Base station backhaul link over cellular : impact of increased round-trip delay and acceptable range

Base station backhaul link over cellular : impact of increased round-trip delay and acceptable range

After they have transmitted an uplink message, LoRaWAN class A devices open two short receive windows for downlink messages called Rx1 and Rx2.

The default timers are 1s (Rx1 begins exactly 1s after last bit of the last uplink message has been transmitted), and 2s for Rx2.

If the round trip delay is too long, then the downlink messages sent by the LoRaWAN network controller (LRC) to the LRR base station may arrive too late for downlink transmission to the device, causing loss of downlink messages.

So how good is your base station backhaul ?

You need to assess the average LRR to LRC round trip delay, and its standard deviation.

The LRR to LRC round trip delay is composed of:
- the network round-trip (an order of magnitude can be obtained with IP Ping tool)
- the uplink jitter compensation buffer of the LRC, which defaults to 250ms (may be customized per LRR base station in the LRC configuration). This delay is necessary to process uplink messages which are received by multiple base stations: the LRC accepts up to 250ms backhaul delay difference when receiving such uplink messages from multiple LRR base stations, and will process such duplicate packets only once. If you reduce this jitter compensation buffer, packets received from multiple base stations may be processed separately, resulting in duplicate packets with the same LoRaWAN upCnt frame counter being forwarded to application servers. This is not necessarily a big issue as long as the application server is able to detect duplicates from upCnt frame counter. When this happens, you will also see duplicate packets in the Wireless Logger application, with the same uplink frame counter. 

So we have:
- average backhaul round trip delay = LRR-to-LRC Ping round-trip + 250ms (jitter buffer)
- round trip delay standard deviation = ping standard deviation

The average round trip delay including uplink jitter buffer is automatically computed by the LRR, and its value may be accessed from the LRR WAN backhaul monitoring page in the Network Manager application, which is part of the standard ThingPark Wireless delivery.

Assuming a normal distribution of round trip delays, if MEAN refers to the average round-trip delay including jitter buffer, and STDDEV is the standard deviation of this delay :

- If     MEAN + 1,65 STDDEV < 2s, then there will be less than 5% downlink packet loss due to round trip delay. This is a worst case for QoS. Try to use a different backhaul technology (e.g. Ethernet to DSL modem) if you cannot get to this performance level.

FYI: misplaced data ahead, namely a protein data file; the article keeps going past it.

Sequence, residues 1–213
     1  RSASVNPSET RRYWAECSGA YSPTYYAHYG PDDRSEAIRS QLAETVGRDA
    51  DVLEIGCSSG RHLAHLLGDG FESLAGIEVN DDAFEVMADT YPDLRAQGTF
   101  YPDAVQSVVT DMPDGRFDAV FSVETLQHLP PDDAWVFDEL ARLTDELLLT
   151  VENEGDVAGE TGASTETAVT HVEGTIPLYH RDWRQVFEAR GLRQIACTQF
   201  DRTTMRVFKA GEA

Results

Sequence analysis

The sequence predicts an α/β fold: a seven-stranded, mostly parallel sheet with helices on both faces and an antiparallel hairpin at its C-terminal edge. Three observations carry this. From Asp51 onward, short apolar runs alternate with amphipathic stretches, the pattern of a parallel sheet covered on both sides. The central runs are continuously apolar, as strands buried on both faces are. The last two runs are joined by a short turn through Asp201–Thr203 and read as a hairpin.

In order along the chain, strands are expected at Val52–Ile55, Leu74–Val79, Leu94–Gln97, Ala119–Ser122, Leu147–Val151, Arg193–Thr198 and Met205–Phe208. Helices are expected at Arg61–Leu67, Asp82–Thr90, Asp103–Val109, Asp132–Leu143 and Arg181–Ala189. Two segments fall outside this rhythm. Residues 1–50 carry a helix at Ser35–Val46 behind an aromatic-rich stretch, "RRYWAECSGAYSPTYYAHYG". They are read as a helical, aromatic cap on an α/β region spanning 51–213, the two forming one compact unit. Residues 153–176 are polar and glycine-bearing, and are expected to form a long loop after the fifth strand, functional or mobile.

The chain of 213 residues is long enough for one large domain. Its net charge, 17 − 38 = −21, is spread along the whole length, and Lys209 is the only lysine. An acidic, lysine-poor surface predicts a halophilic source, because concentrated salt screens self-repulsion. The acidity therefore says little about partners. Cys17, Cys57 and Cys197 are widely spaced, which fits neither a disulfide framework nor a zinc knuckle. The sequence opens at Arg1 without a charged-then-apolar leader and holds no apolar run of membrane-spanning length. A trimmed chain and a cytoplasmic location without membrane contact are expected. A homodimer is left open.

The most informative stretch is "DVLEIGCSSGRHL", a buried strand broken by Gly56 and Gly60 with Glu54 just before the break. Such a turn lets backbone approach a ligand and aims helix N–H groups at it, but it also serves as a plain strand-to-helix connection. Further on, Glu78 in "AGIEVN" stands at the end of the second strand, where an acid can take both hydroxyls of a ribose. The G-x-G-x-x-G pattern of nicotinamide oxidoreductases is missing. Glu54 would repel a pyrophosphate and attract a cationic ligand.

- If    MEAN+ 2,33 STDDEV < 2s, then there will be less than 1% downlink loss due to round trip delay. 

- If    MEAN+ 3 STDDEV < 2s, then there will be less than 0,1% downlink loss to to round trip delay

For optimal performance and cell capacity, the LRC network controller should be able to select the Rx1 receive window. In order to ensure this we recommend that  MEAN + 2,33 STDDEV < 1s. This ensures that less than 1% of the downlink transmissions scheduled to Rx1 will need to fallback to Rx2 due to excessive round-trip delay.

For instance, when using a cellular connexion, MEAN=500ms and SDTDEV=200ms will provide a good performance, but anything beyond this will reduce cell capacity (as Rx2 will be used to compensable for round trip delay), and if MEAN + 1,65 SDTDEV >2s, the backhaul delay may also introduce unacceptable downlink packet loss.

    • Related Articles

    • When performing range testing, disable Automatic Datarate (ADR) adaptation.

      If you are performing a range testing session with a LoRa device, and you are walking are driving, you may get into connectivity problems while moving away from the nearest LoRa base station if you use a normal production connectivity plan. Normal ...
    • Product Version 5.2 - Software Release Notes

            Versions Version  Date  Author Details  Rev1  2018-11-15  Actility  First Version  Rev2  2018-11-21  Actility  Addition of the following features: RDTP-7722, RDTP-7723 and RDTP-7746  Rev3  2019-03-04  Actility  Updated versioning (release 5.2 ...
    • User Guide for ThingPark Wireless - Version 5.1

      This article is the official documentation provided by Actility for the 5.1 release. It will contain User's Guide, Product Description, and other reference documents.  The release notes can be found  in the release notes section (click here) User's ...
    • Product Version 6.0 - Software Release Notes

              Versions  Version Date Author Details Rev1 2019-07-25 Actility First Version. Rev2 2020-01-07 Actility - Addition of “Feature Interaction Matrix” for each feature. - Updated the Feature Activation details for LRC record/replay tools Rev3 ...
    • Product Version 5.0.1 - Software Release Notes

      Scope The scope of this document is to describe the release notes of the ThingPark Product Software v5.0.1. Version 5.0.1 subcomponents versioning Version 5.0.1 list of new introduced features (User Stories) and release notes for all ThingPark ...